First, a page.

Margin of Safety Analysis
Our discounted cash flow process values each firm on the basis of the present value of all future free cash flows. Although we estimate the firm's fair value at about $128 per share, every company has a range of probable fair values that's created by the uncertainty of key valuation drivers (like future revenue or earnings, for example). After all, if the future was known with certainty, we wouldn't see much volatility in the markets as stocks would trade precisely at their known fair values. Our ValueRisk™ rating sets the margin of safety or the fair value range we assign to each stock. In the graph below, we show this probable range of fair values for Union Pacific. We think the firm is attractive below $96 per share (the green line), but quite expensive above $160 per share (the red line). The prices that fall along the yellow line, which includes our fair value estimate, represent a reasonable valuation for the firm, in our opinion.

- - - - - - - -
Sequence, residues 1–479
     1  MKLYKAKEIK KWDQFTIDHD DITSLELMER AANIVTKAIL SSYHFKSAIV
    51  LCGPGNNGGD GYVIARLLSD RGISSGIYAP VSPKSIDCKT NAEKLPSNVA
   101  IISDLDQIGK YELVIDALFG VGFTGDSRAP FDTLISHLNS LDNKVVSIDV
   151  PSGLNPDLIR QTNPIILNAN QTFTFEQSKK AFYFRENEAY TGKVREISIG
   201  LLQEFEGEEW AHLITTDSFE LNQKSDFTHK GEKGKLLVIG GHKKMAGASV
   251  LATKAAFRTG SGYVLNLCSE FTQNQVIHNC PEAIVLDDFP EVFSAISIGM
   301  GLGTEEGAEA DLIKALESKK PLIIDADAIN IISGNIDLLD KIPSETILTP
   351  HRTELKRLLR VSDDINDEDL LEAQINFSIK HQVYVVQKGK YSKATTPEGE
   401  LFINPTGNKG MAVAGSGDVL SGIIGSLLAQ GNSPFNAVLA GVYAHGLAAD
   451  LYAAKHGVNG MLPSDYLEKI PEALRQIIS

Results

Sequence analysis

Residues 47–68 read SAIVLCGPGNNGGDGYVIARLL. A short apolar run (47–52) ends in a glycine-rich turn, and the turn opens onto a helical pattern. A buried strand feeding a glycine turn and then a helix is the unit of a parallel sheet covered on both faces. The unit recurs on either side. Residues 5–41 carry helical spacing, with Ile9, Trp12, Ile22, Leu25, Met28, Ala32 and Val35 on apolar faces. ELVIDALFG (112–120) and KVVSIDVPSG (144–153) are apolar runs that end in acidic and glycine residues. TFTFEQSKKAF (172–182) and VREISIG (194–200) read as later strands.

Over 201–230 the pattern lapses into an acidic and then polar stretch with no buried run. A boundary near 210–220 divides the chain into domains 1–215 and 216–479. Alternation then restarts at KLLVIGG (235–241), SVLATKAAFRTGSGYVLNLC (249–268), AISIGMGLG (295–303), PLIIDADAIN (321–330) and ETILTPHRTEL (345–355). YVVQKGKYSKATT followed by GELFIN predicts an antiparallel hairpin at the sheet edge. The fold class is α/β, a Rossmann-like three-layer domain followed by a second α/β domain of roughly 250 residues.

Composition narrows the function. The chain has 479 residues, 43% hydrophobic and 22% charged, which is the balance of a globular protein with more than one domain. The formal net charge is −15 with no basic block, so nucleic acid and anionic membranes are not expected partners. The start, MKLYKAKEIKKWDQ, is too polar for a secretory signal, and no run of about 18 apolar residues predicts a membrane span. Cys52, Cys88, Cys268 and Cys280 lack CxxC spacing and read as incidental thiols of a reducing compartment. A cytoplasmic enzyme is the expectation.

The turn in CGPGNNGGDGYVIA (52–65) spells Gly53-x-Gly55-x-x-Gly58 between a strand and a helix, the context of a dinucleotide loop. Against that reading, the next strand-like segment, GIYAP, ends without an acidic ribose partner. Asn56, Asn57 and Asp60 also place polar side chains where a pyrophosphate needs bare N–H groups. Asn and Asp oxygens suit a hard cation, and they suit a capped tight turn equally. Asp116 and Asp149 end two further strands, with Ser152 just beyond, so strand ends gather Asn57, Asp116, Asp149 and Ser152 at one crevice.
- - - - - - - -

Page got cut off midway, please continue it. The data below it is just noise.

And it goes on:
Future Path of Fair Value
We estimate Union Pacific's fair value at this point in time to be about $128 per share. As time passes, however, companies generate cash flow and pay out cash to shareholders in the form of dividends. The chart to the right compares the firm's current share price with the path of Union Pacific's expected equity value per share over the next three years, assuming our long-term projections prove accurate. The range between the resulting downside fair value and upside fair value in Year 3 represents our best estimate of the value of the firm's shares three years hence. This range of potential outcomes is also subject to change over time, should our views on the firm's future cash flow potential change. The expected fair value of $165 per share in Year 3 represents our existing fair value per share of $128 increased at an annual rate of the firm's cost of equity less its dividend yield. The upside and downside ranges are derived in the same way, but from the upper and lower bounds of our fair value estimate range.